446

I have a list of strings like this:

X = ["a", "b", "c", "d", "e", "f", "g", "h", "i"]
Y = [ 0,   1,   1,   0,   1,   2,   2,   0,   1 ]

What is the shortest way of sorting X using values from Y to get the following output?

["a", "d", "h", "b", "c", "e", "i", "f", "g"]

The order of the elements having the same "key" does not matter. I can resort to the use of for constructs but I am curious if there is a shorter way. Any suggestions?

2

16 Answers 16

582

Shortest Code

[x for _, x in sorted(zip(Y, X))]

Example:

X = ["a", "b", "c", "d", "e", "f", "g", "h", "i"]
Y = [ 0,   1,   1,    0,   1,   2,   2,   0,   1]

Z = [x for _,x in sorted(zip(Y,X))]
print(Z)  # ["a", "d", "h", "b", "c", "e", "i", "f", "g"]

Generally Speaking

[x for _, x in sorted(zip(Y, X), key=lambda pair: pair[0])]

Explained:

  1. zip the two lists.
  2. create a new, sorted list based on the zip using sorted().
  3. using a list comprehension extract the first elements of each pair from the sorted, zipped list.

For more information on how to set\use the key parameter as well as the sorted function in general, take a look at this.


5
  • 129
    This is correct, but I'll add the note that if you're trying to sort multiple arrays by the same array, this won't neccessarily work as expected, since the key that is being used to sort is (y,x), not just y. You should instead use [x for (y,x) in sorted(zip(Y,X), key=lambda pair: pair[0])] – gms7777 Jan 17 '14 at 20:33
  • 1
    good solution! But it should be: The list is ordered regarding the first element of the pairs, and the comprehension extracts the 'second' element of the pairs. – MasterControlProgram Oct 6 '17 at 14:31
  • This solution is poor when it comes to storage. An in-place sort is preferred whenever possible. – Hatefiend Jun 30 '19 at 16:27
  • @Hatefiend interesting, could you point to a reference on how to achieve that? – RichieV Sep 3 '20 at 3:18
  • @RichieV I recommend using Quicksort or an in-place merge sort implementation. Once you have that, define your own comparison function which compares values based on the indexes of list Y. The end result should be list Y being untouched and list X being changed into the expected solution without ever having to create a temp list. – Hatefiend Sep 9 '20 at 5:26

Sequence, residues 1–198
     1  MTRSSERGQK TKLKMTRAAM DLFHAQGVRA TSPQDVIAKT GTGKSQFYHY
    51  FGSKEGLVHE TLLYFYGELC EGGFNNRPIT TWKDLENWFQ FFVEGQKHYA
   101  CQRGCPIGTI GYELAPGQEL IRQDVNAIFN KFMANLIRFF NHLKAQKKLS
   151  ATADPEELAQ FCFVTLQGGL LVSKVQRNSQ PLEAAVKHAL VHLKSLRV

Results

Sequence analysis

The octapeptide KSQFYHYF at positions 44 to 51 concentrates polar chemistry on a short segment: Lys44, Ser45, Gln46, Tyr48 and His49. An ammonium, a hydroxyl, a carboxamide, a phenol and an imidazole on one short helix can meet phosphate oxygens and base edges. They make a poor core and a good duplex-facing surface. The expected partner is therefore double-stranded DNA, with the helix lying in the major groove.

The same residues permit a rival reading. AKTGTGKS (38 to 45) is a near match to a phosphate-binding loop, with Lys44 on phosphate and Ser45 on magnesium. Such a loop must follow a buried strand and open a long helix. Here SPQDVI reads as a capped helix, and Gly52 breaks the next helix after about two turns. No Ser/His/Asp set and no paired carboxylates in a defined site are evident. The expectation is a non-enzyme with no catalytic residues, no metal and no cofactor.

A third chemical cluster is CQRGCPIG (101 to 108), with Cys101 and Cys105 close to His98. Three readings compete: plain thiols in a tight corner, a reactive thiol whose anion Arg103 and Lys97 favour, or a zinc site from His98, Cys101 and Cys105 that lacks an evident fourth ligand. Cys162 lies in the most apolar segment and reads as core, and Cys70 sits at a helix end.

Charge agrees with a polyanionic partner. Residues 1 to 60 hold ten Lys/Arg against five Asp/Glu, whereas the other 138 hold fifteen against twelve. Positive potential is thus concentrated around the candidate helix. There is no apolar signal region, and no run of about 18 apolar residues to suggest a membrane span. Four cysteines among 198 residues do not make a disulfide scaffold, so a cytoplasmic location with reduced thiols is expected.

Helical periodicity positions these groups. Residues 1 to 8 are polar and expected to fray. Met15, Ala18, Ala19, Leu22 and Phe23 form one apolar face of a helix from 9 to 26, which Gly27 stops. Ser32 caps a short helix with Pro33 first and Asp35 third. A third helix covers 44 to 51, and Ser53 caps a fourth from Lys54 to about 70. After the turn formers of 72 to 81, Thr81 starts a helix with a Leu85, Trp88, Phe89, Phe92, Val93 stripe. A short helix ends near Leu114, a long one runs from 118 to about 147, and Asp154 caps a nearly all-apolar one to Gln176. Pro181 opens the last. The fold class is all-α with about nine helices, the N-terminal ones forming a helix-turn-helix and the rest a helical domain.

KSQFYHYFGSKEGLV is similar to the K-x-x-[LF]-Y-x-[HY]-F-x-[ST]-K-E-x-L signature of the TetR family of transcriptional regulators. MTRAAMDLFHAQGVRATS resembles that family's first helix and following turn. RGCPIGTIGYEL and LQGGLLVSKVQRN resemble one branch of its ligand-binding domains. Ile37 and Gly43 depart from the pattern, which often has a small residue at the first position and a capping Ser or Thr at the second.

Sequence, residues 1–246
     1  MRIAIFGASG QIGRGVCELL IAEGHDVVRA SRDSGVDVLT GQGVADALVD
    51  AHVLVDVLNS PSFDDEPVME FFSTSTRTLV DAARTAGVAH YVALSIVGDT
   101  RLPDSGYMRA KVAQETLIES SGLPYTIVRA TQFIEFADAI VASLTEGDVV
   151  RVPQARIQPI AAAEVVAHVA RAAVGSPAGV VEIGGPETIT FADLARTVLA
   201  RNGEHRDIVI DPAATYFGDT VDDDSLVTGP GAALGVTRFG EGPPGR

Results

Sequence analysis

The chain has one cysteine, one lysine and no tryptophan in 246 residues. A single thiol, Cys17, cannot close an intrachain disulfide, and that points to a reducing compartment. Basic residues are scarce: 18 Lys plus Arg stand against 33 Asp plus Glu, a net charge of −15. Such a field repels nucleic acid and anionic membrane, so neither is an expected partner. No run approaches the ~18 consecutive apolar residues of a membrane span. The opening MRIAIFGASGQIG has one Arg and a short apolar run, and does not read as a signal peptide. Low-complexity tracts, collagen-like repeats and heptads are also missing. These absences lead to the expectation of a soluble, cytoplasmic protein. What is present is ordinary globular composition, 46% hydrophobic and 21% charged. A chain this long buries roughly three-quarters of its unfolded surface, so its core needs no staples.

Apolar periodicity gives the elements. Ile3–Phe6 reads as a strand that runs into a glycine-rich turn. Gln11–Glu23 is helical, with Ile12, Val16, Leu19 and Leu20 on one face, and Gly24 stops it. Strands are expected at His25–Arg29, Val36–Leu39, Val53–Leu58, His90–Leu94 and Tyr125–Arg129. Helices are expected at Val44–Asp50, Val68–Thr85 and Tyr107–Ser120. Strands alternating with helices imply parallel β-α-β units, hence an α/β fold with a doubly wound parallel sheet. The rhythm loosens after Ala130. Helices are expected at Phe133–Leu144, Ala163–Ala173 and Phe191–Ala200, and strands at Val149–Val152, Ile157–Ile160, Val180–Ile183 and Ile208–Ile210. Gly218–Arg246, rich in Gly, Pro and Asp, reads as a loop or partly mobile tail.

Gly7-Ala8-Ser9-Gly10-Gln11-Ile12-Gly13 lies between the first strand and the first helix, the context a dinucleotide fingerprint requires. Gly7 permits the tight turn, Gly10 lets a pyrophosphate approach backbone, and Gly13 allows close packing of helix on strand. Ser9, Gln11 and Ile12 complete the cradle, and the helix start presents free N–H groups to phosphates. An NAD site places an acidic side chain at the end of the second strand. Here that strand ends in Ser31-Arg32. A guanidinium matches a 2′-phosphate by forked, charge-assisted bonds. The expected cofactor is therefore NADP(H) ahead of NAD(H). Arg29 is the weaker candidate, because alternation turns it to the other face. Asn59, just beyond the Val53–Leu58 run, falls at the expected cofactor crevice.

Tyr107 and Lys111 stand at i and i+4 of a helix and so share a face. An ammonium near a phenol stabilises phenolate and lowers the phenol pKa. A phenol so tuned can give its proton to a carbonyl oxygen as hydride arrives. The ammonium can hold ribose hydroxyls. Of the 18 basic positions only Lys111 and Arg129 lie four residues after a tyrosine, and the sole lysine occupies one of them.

121

Zip the two lists together, sort it, then take the parts you want:

>>> yx = zip(Y, X)
>>> yx
[(0, 'a'), (1, 'b'), (1, 'c'), (0, 'd'), (1, 'e'), (2, 'f'), (2, 'g'), (0, 'h'), (1, 'i')]
>>> yx.sort()
>>> yx
[(0, 'a'), (0, 'd'), (0, 'h'), (1, 'b'), (1, 'c'), (1, 'e'), (1, 'i'), (2, 'f'), (2, 'g')]
>>> x_sorted = [x for y, x in yx]
>>> x_sorted
['a', 'd', 'h', 'b', 'c', 'e', 'i', 'f', 'g']

Combine these together to get:

[x for y, x in sorted(zip(Y, X))]
3
  • 2
    This is fine if X is a list of str, but be careful if there is a possibility that < is not defined for some pairs of items in X, eg - if some of them were None – John La Rooy Aug 23 '17 at 5:05
  • 1
    When we try to use sort over a zip object, AttributeError: 'zip' object has no attribute 'sort' is what I am getting as of now. – Ash Upadhyay Jan 23 '18 at 12:57
  • 2
    You are using Python 3. In Python 2, zip produced a list. Now it produces an iterable object. sorted(zip(...)) should still work, or: them = list(zip(...)); them.sort() – Ned Batchelder Jan 23 '18 at 16:38
95

Also, if you don't mind using numpy arrays (or in fact already are dealing with numpy arrays...), here is another nice solution:

people = ['Jim', 'Pam', 'Micheal', 'Dwight']
ages = [27, 25, 4, 9]

import numpy
people = numpy.array(people)
ages = numpy.array(ages)
inds = ages.argsort()
sortedPeople = people[inds]

I found it here: http://scienceoss.com/sort-one-list-by-another-list/

2
  • 1
    For bigger arrays / vectors, this solution with numpy is beneficial! – MasterControlProgram Oct 6 '17 at 14:53
  • 2
    If they are already numpy arrays, then it's simply sortedArray1= array1[array2.argsort()]. And this also makes it easy to sort multiple lists by a particular column of a 2D array: e.g. sortedArray1= array1[array2[:,2].argsort()] to sort array1 (which may have multiple columns) by the values in the third column of array2. – Aaron Bramson Jun 12 '18 at 8:50
45

The most obvious solution to me is to use the key keyword arg.

>>> X = ["a", "b", "c", "d", "e", "f", "g", "h", "i"]
>>> Y = [ 0,   1,   1,    0,   1,   2,   2,   0,   1]
>>> keydict = dict(zip(X, Y))
>>> X.sort(key=keydict.get)
>>> X
['a', 'd', 'h', 'b', 'c', 'e', 'i', 'f', 'g']

Note that you can shorten this to a one-liner if you care to:

>>> X.sort(key=dict(zip(X, Y)).get)

As Wenmin Mu and Jack Peng have pointed out, this assumes that the values in X are all distinct. That's easily managed with an index list:

>>> Z = ["A", "A", "C", "C", "C", "F", "G", "H", "I"]
>>> Z_index = list(range(len(Z)))
>>> Z_index.sort(key=keydict.get)
>>> Z = [Z[i] for i in Z_index]
>>> Z
['A', 'C', 'H', 'A', 'C', 'C', 'I', 'F', 'G']

Since the decorate-sort-undecorate approach described by Whatang is a little simpler and works in all cases, it's probably better most of the time. (This is a very old answer!)

1
  • 5
    Does this require that the values in X are unqiue? – Jack Peng Mar 4 '19 at 19:04
24

more_itertools has a tool for sorting iterables in parallel:

Given

from more_itertools import sort_together


X = ["a", "b", "c", "d", "e", "f", "g", "h", "i"]
Y = [ 0,   1,   1,    0,   1,   2,   2,   0,   1]

Demo

sort_together([Y, X])[1]
# ('a', 'd', 'h', 'b', 'c', 'e', 'i', 'f', 'g')
21

I actually came here looking to sort a list by a list where the values matched.

list_a = ['foo', 'bar', 'baz']
list_b = ['baz', 'bar', 'foo']
sorted(list_b, key=lambda x: list_a.index(x))
# ['foo', 'bar', 'baz']
3
  • 2
    This is a bad idea. index will perform an O(N) search on list_a resulting in an O(N² log N) sort. – Richard Jun 1 '20 at 0:37
  • 2
    @Richard: the keys are computed once before sorting; so the complexity is actually O(N^2). – Stef Dec 14 '20 at 15:13
  • @Stef true, but still a bad idea. – juanpa.arrivillaga 2 days ago
14

I like having a list of sorted indices. That way, I can sort any list in the same order as the source list. Once you have a list of sorted indices, a simple list comprehension will do the trick: